“I Blame You”
Salutations, Buddyhead readers! I’m the new guy. You can call me “Tall Pat.” You can think of me as the head of Buddyhead Midwest. Mostly cuz no one else lives in Chicago. Anyhow, fucking Chip Norman stole my review for Chicago’s favored sons’, The Smith Westerns, new record, which by the way is a fucking amazing record, made only better by their mind-blowing live show. I’ll fight with Chip over this later. Anyhow, let’s talk about Obits.
One of the world’s great tragedies was the breakup of both Drive Like Jehu and then Hot Snakes — two of the finest bands to ever walk the Earth, as far as I’m concerned. The one-two punch of Rick Froberg and John Reis is perhaps the most powerful in music. Starting with Pitchfork, the duo’s high school band, they have consistently played angular, no-frills post-punk. Even their pre-Eucalyptus demo tape, which features a prepubescent John Reis on vocals, blows the pants off your standard Fugazi-ripoff band. The demo tape is oddly telling of the pair’s career. It’s rough and formative, but you can hear everything that is to come. “It’s A Nice Day” foretells early Rocket From the Crypt’s anthem. “Caretaker” sounds like a rough demo of something off the first Drive Like Jehu album. “Cut and Dry” sounds like it could have been a Hot Snakes song. Important for this review, the opening track, “Sucked In Spit Out,” and Mr. Froberg’s guitar foretell of Obits. I must warn anyone seeking out the demo tape: it’s good only as a pure academic exercise.
Obits, like Pitchfork, Drive Like Jehu, and Hot Snakes before them, rock. With the demise of Hot Snakes due to Mr. Reis and Mr. Rubalcaba leaving to start families, followed by the break up of the Sultans and of the world’s greatest band, Rocket From the Crypt, and Beehive and the Barracudas going on a long hiatus, I’ve been in need of some real, pure San Diego punk rock. This past year, the rock’n’roll gods have given us Mr. Reis’s (and the rest of the Hot Snakes’ first line up), Night Marchers, a band whose sound draws dramatically from 1950s and early 60s rock’n’roll. The gods have also given us Mr. Froberg’s Obits, a band that continues in line with the duo’s early projects.
They, Obits, are a pure, solid blues-punk rock band. Think Jon Spencer Blues Explosion plus, well, Rick Froberg. The band’s defining characteristic is as you would expect — the vocals of Mr. Froberg. I have long felt that his voice is, without exception, the best in rock’n’roll. Its tonality is perfect for the music. His yelps match up to guitars better than anyone else’s. Not even Greg Sage can hold a candle to the voice of Mr. Froberg, and Obits is built around those vocals. The guitars scream with a treble on par with D. Boon. It’s a ringing endorsement of what works in the genre, and done in a way like no one else. Just listen to “Fake Kinkade.”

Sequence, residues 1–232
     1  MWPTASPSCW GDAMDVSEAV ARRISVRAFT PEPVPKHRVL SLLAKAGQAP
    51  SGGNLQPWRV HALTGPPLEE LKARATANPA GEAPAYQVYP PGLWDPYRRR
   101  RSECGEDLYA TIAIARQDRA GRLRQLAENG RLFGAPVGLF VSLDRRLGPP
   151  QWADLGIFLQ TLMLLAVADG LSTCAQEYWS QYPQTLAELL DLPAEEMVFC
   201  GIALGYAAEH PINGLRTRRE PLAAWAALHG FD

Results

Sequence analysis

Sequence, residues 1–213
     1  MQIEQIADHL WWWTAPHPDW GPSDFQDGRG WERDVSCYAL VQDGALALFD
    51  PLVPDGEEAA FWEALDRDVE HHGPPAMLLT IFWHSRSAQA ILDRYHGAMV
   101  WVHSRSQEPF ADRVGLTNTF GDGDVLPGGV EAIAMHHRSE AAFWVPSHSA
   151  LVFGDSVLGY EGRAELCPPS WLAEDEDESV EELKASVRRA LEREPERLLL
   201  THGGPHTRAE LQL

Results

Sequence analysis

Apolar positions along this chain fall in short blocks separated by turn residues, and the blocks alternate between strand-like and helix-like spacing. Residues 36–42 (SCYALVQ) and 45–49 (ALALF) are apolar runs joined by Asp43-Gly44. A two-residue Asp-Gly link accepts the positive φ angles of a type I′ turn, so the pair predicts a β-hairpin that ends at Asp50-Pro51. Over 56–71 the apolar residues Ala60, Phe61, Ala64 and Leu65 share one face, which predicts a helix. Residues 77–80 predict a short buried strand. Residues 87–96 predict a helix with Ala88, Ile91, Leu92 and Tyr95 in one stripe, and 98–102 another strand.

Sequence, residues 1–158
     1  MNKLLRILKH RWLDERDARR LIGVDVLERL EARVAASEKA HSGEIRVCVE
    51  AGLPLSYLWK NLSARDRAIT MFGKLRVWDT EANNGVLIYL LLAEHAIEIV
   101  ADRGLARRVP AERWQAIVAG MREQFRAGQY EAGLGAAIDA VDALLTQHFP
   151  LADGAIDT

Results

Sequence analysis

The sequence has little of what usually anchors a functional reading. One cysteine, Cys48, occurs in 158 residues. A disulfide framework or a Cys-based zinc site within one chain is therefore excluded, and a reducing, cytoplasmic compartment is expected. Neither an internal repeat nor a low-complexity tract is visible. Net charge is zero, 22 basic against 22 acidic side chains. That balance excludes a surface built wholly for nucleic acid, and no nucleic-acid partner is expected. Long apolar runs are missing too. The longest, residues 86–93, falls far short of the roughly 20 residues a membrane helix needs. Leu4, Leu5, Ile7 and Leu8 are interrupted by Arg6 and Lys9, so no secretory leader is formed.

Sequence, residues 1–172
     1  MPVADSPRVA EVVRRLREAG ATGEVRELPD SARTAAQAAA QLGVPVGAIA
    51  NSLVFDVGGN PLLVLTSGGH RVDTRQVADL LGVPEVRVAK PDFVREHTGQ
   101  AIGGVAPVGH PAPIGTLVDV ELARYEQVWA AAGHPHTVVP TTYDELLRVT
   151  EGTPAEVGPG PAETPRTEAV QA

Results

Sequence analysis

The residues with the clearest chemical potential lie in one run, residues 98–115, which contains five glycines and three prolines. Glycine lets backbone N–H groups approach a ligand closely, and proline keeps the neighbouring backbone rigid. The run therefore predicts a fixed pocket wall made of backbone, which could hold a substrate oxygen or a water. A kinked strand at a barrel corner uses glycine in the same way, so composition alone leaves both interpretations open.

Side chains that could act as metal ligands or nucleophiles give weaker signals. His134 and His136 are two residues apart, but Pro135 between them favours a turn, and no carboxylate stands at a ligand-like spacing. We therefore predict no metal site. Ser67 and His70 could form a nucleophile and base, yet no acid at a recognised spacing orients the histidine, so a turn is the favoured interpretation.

Obits are part of a border movement of people to reclaim the good name of rock’n’roll. They, as so many bands here in Chicago, have taken an old, used up style, and with the greatest of joy, breathed new life into it. No one is fucking around here, this ain’t some ironic hipster bullshit, this is real punk rock music.
Every track from “Widow of my Dreams,” to “Talking to the Dog,” to “Lilies in the Street” brings forth a level of quality that’s almost unseen on other records. This is no solo record; Sohrab Habibion, Greg Simpson, and Scott Gursky, although minor players in the grand world of Swami Pat, clearly bring a lot to the table. You can hear it from the first note of the “Live at the Cake Shop” bootleg made by Swami Ivan on “New Western Anthem” (which became “I Cant Loose”) that Obits are a tight unit. Every gear is working perfectly, turning the band into a steamroller of sound. It’s not as hard as the Hot Snakes, nor as complex as Drive Like Jehu, but it’s right where Mr. Froberg should be.
As Ian MacKaye once said, “You don’t grow out of Punk Rock, you grow up with Punk Rock.” With many of the 1990s luminaries pushing past 40 (or long past it), it’s a credit to MacKaye’s line that Mr. Froberg and crew have put out a record just as effective and powerful as anything they produced in their younger days. Only now they have an agenda that goes beyond just rocking. This record, and their live shows, feature a band that is out to remind the world that just because Grizzly Bear, Vampire Weekend, and tons of shitty bands come from New York, it does not mean that the city forgot how to rock; Obits are out to remind everyone that New York City is gonna be OK.
And that’s just the record. The band’s B-sides are something else. Why anything was left off the record is beyond me. “I Cant Loose” is a revelation and perhaps their finest work. “Put It In Writing,” “One Cross Apiece,” and “Military Madness” are just as strong. The B-sides are of a quality one would expect from a band like this.
Obits’ “I Blame You” is the record you expect it to be. From “Widow Of My Dreams” to “Back and Forth,” it’s a solid record that does what so few bands can — create a brilliant front-to-back punk rock album.
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